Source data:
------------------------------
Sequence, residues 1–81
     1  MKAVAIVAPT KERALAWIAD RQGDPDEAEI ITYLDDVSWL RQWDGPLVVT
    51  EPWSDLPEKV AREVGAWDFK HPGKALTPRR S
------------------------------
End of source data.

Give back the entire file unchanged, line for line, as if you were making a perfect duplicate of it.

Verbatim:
Sequence, residues 1–81
     1  MKAVAIVAPT KERALAWIAD RQGDPDEAEI ITYLDDVSWL RQWDGPLVVT
    51  EPWSDLPEKV AREVGAWDFK HPGKALTPRR S